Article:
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Employing web-safe fonts

From: Typography with CSS in Dreamweaver

Video: Employing web-safe fonts

Web-Safe Fonts are those that are common to the primary computing platforms. Because designers can never be absolutely sure which font a user may have on his or her system, browsers support what are called Font-families. A Font-family is basically a list of fonts used to render the targeted text. Ideally, the user will have the first font listed in the Font-family, so that the Browser will use that to render the text. If that first choice is not available, the Browser moves on and chooses the second font found in the Font-family.

Employing web-safe fonts

Web-Safe Fonts are those that are common to the primary computing platforms. Because designers can never be absolutely sure which font a user may have on his or her system, browsers support what are called Font-families. A Font-family is basically a list of fonts used to render the targeted text. Ideally, the user will have the first font listed in the Font-family, so that the Browser will use that to render the text. If that first choice is not available, the Browser moves on and chooses the second font found in the Font-family.

If that's not available it moves to the third, and so on. The final member of a Font-family is the Generic Font in that category, like serif or sans-serif. Let me show you how Dreamweaver makes it easy to assign a Font-family. We'll use one of the Dreamweaver sample layouts by going to File > New. Make sure you're choosing Blank Page, HTML Page Type, and then under Layout choose 2 column fixed, left sidebar, header and footer.

Click Create and that will give us a basic page to work with. In the CSS Styles panel I'll go and click on Current and there you can see that the current font is listed. It's Verdana, Arial, and to see the rest of it we can go ahead click the Edit Rule button: Helvetica and sans-serif. So they're using a sans-serif font and that's for all of the text here. Let's go ahead and change that to a serif font. So in the Font-family list, I'll open that up and choose Serif font, Palatino Linotype, Book Antiqua, Palatino and serif.

When I click OK, you can see a pretty significant change to the text. Now one very solid design technique is to use one type of font for the body text and another type for headings. Since we already have a serif family for the page's text, let's create a new CSS rule to render all the headings in a sans-serif font. So we'll go back to our CSS Styles panel and I'll click on New CSS Rule here at the very bottom.

Because we're creating a Rule for a series of tags, we need to change the Selector Type to Compound, and then we'll enter in our list of heading tags which is h1, h2, h3, h4, h5 and finally h6. And let's just go ahead and keep this Rule definition in this document only. I'll click OK, and from our Font- family, let's choose Trebuchet MS, Arial, Helvetica, sans-serif.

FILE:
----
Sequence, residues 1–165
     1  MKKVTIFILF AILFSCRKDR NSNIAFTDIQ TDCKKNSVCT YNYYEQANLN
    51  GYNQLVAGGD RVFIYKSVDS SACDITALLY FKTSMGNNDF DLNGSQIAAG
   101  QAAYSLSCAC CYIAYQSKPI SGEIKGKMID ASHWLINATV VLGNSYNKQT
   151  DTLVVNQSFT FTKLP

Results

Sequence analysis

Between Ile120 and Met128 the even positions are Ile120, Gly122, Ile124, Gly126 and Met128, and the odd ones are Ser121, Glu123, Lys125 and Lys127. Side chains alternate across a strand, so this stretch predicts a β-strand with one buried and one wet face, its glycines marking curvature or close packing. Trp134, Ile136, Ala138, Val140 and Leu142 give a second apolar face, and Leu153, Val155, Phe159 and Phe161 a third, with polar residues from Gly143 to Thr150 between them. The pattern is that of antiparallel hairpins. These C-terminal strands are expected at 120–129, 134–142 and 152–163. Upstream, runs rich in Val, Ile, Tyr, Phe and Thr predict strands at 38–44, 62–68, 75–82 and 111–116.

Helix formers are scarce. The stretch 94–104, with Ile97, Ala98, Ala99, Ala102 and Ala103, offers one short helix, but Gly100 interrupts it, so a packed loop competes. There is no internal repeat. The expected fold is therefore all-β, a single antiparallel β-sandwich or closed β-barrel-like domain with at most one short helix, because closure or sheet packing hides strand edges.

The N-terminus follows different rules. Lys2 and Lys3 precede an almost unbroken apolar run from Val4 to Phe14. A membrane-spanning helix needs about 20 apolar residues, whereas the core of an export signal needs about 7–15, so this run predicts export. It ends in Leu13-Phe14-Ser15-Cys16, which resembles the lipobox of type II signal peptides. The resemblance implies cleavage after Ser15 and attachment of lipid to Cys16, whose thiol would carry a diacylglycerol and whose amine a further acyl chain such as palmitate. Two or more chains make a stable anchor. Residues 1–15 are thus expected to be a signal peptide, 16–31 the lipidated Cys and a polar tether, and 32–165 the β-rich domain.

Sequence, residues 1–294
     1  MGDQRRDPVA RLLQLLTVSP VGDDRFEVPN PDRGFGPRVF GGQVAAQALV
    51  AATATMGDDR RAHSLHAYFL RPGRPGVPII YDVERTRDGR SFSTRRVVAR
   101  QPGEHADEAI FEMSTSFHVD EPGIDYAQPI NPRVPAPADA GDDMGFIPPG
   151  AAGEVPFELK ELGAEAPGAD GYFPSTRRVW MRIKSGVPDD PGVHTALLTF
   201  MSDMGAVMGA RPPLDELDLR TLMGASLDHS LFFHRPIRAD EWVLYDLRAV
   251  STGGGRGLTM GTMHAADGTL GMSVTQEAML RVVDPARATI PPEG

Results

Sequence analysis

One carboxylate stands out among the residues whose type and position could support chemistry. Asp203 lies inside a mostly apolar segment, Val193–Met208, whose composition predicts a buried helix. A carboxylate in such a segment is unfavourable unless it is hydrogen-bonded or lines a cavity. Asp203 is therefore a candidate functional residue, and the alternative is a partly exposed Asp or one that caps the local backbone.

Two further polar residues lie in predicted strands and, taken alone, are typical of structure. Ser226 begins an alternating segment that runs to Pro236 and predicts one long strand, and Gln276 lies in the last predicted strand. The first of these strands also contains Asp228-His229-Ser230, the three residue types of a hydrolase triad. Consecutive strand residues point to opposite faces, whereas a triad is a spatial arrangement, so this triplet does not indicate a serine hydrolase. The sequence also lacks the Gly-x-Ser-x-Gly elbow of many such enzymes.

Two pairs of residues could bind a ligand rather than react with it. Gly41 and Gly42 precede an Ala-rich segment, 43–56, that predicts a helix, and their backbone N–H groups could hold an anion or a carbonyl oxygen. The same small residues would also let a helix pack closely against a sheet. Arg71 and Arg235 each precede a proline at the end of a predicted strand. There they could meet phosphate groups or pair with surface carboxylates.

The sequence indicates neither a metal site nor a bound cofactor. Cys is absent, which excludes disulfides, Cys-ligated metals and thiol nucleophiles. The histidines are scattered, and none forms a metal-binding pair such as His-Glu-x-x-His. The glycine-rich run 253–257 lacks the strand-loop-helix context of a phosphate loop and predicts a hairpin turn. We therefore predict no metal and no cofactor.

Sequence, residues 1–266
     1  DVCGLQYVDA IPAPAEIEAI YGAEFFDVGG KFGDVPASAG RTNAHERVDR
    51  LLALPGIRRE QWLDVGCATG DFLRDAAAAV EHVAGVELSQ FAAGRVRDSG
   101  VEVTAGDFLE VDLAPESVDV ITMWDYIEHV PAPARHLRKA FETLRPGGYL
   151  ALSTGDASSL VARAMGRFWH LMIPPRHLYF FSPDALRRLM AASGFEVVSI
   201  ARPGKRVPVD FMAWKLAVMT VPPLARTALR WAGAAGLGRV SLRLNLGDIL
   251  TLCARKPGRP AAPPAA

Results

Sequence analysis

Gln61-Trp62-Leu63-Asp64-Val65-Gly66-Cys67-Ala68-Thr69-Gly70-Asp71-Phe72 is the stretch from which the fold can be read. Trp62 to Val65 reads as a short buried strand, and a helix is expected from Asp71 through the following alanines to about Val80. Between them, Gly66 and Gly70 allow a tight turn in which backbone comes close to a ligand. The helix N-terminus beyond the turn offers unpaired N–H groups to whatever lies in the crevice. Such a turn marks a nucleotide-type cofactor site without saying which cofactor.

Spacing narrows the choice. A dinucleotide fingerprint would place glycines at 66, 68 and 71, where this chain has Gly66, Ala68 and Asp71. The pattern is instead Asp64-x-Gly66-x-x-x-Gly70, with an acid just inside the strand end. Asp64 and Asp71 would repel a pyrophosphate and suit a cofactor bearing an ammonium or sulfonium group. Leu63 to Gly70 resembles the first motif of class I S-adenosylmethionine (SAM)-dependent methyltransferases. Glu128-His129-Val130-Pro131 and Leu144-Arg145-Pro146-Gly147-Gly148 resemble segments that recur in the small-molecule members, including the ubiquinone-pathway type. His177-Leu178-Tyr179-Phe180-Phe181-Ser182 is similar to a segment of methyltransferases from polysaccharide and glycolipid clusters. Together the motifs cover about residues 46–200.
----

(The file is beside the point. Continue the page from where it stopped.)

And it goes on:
When I click OK you can see the changes immediately applied. Feel free to try out the various existing Web Safe font-families in Dreamweaver. As I said you can access them either from the CSS Definition dialog box, as we just did or from the CSS Tab of the Property Inspector. It's a really good idea to familiarize yourself with these readily available options, although as you'll learn in the Defining New Font-families video in this chapter, you can also create your own.

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Image for Typography with CSS in Dreamweaver
Typography with CSS in Dreamweaver

36 video lessons · 8057 viewers

Joseph Lowery
Author

 
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  1. 3m 52s
    1. Welcome
      1m 19s
    2. Using the exercise files
      2m 33s
  2. 19m 16s
    1. Working with the Property inspector's HTML tab
      2m 0s
    2. Making the most of the Property inspector's CSS tab
      4m 57s
    3. Defining and changing type with the CSS Rule Definition dialog
      6m 16s
    4. Modifying type directly in the CSS Styles panel
      6m 3s
  3. 19m 45s
    1. Understanding type measurement unit options
      2m 50s
    2. Working with pixels
      2m 34s
    3. Defining a percentage-based page with ems
      6m 51s
    4. Letting users set page type size
      7m 30s
  4. 17m 36s
    1. Getting to know the basic font categories
      1m 32s
    2. Employing web-safe fonts
      3m 20s
    3. Defining new font families
      3m 22s
    4. Exploring CSS3 typeface options
      3m 9s
    5. Setting up @font-face
      6m 13s
  5. 9m 39s
    1. Dispelling the myth of web-safe colors
      1m 13s
    2. Applying color to type
      4m 52s
    3. Incorporating semi-transparent type
      3m 34s
  6. 19m 46s
    1. Setting the font-weight
      3m 48s
    2. Mandating font case
      2m 25s
    3. Exploring font variants
      1m 50s
    4. Utilizing white space effectively
      3m 40s
    5. Changing letter and word spacing
      2m 20s
    6. Defining first-line variations
      2m 19s
    7. Inserting drop caps
      3m 24s
  7. 20m 17s
    1. Applying CSS3 text effects
      5m 26s
    2. Designing type gradients
      8m 27s
    3. Rotating text with CSS transform
      6m 24s
  8. 15m 21s
    1. Implementing advanced headings with HTML5
      3m 11s
    2. Preparing CSS3 multiple-column layout
      4m 50s
    3. Future type: Defining CSS Regions
      7m 20s
  9. 24m 51s
    1. Styling unordered lists
      6m 51s
    2. Specifying a sequence with ordered lists
      5m 14s
    3. Applying definition lists
      7m 19s
    4. Targeting list items with CSS3 nth child
      5m 27s
  10. 20s
    1. Next steps
      20s

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